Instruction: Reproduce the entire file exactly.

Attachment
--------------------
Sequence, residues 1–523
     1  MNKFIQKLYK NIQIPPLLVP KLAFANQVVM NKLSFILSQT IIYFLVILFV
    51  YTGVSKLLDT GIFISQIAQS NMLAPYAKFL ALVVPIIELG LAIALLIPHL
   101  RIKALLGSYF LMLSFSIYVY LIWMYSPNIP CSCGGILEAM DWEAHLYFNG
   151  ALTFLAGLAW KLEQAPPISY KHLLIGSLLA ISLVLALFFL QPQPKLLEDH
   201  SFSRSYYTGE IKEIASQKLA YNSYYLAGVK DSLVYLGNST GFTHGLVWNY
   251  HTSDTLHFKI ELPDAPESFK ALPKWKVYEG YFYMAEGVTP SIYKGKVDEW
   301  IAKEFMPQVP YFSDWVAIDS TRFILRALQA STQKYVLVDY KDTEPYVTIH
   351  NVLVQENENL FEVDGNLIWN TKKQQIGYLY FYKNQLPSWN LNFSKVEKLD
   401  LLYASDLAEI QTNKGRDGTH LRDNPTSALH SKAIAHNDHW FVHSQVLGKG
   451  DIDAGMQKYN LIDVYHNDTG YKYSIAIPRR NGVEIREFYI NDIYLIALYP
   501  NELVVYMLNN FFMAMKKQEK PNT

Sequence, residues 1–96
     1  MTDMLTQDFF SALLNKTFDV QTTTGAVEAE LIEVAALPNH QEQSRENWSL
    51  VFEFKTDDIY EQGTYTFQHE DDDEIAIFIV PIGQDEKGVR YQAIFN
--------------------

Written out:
Sequence, residues 1–523
     1  MNKFIQKLYK NIQIPPLLVP KLAFANQVVM NKLSFILSQT IIYFLVILFV
    51  YTGVSKLLDT GIFISQIAQS NMLAPYAKFL ALVVPIIELG LAIALLIPHL
   101  RIKALLGSYF LMLSFSIYVY LIWMYSPNIP CSCGGILEAM DWEAHLYFNG
   151  ALTFLAGLAW KLEQAPPISY KHLLIGSLLA ISLVLALFFL QPQPKLLEDH
   201  SFSRSYYTGE IKEIASQKLA YNSYYLAGVK DSLVYLGNST GFTHGLVWNY
   251  HTSDTLHFKI ELPDAPESFK ALPKWKVYEG YFYMAEGVTP SIYKGKVDEW
   301  IAKEFMPQVP YFSDWVAIDS TRFILRALQA STQKYVLVDY KDTEPYVTIH
   351  NVLVQENENL FEVDGNLIWN TKKQQIGYLY FYKNQLPSWN LNFSKVEKLD
   401  LLYASDLAEI QTNKGRDGTH LRDNPTSALH SKAIAHNDHW FVHSQVLGKG
   451  DIDAGMQKYN LIDVYHNDTG YKYSIAIPRR NGVEIREFYI NDIYLIALYP
   501  NELVVYMLNN FFMAMKKQEK PNT

Sequence, residues 1–96
     1  MTDMLTQDFF SALLNKTFDV QTTTGAVEAE LIEVAALPNH QEQSRENWSL
    51  VFEFKTDDIY EQGTYTFQHE DDDEIAIFIV PIGQDEKGVR YQAIFN